By Rob Symes
Welcome to a new series from Taps in which we’ll travel from coast-to-coast taking the pulse of our great nation, as well as checking in on exciting regional developments. For our first destination, we’re taking a look at Nova Scotia with the help of Danny O’Hearn from Nine Locks Brewing.
Nova Scotians have a well-earned reputation for throwing a good party, but until recently craft beer has rarely been a consideration. Ten years ago, the province boasted great breweries like Propeller and Garrison, but the scene outside of Halifax was fragmented, and the city itself lagged behind many Canadian counterparts as a beer destination.
Fast forward to 2019 and things have changed drastically across the whole province. Breweries are popping up everywhere, with the number jumping from only 10 in 2013 to 60 at the close of 2018. The increase in producers has been mirrored by an interest in experimentation, with sours, hop-forward IPAs and champagne-style beers more commonplace than they were before.
“It’s hip to be crafty”, says Danny O’Hearn when asked why his province has seen such accelerated growth and buzz in the past few years. “We’re always a bit behind everybody else, so those trends that may have come and gone in other places in Canada are just hitting the market here in Nova Scotia.” That’s generated a lot of excitement in a province where choice in styles and producers has been limited. The analogy of coming across an oasis after years in the desert may be a stretch, but Nova Scotians may feel like they’ve suddenly hit a bonanza.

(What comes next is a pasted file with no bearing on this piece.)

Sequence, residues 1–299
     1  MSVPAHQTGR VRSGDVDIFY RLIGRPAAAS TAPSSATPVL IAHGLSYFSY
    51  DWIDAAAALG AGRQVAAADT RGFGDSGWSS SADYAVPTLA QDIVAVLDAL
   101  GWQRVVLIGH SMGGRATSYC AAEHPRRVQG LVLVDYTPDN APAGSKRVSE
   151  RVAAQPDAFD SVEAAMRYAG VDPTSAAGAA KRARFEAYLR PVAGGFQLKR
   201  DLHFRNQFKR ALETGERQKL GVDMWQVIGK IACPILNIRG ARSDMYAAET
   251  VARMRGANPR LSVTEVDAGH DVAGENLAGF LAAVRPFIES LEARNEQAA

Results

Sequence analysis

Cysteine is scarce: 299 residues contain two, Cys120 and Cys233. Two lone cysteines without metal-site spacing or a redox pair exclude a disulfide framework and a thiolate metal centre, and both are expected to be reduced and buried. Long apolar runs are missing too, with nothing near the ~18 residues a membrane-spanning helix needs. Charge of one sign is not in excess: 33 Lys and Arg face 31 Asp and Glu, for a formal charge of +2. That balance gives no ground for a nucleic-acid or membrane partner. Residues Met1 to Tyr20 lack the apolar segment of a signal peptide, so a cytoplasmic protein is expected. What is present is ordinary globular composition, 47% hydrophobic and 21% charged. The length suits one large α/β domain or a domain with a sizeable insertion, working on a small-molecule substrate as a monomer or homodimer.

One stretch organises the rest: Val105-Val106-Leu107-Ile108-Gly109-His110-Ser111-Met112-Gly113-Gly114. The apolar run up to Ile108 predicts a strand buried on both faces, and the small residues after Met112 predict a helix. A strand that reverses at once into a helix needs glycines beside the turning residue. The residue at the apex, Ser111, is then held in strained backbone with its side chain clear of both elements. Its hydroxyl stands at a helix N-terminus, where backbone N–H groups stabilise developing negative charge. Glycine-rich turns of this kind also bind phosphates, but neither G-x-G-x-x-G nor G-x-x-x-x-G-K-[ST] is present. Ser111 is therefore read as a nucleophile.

Brewers are now looking to capitalize on the trend towards locally produced, quality products, and a market that includes a lot of people beginning their exploration of craft beer. “People don’t want hoppy, over-bearing, big beers, at least not to start out”, says O’Hearn. “We have a lot of beers that people can start drinking that are still not over the top, but are good, high quality entry level beers.” That’s one of the beautiful things about Nova Scotia right now – the beers are accessible for everyone, and if you did want to amp it up or move into left field, options are available. Nine Locks themselves are an example, where they won Canadian Brewing Awards for their Dirty Blonde (the archetypal accessible brew), as well as their Barrel Aged Barley Wine.
Craft beer holds an 8% market share in the province, so there’s plenty of room for growth (we’re always comparing ourselves to our neighbours, so keep in mind that the US average is 13.2%).
“We’re underdeveloped in Nova Scotia for the percentage of the overall market share”, agrees O’Hearn. “We have the most craft breweries per capita in Canada, so there’s lots to choose from – some great beer and people need to get out here and try it!”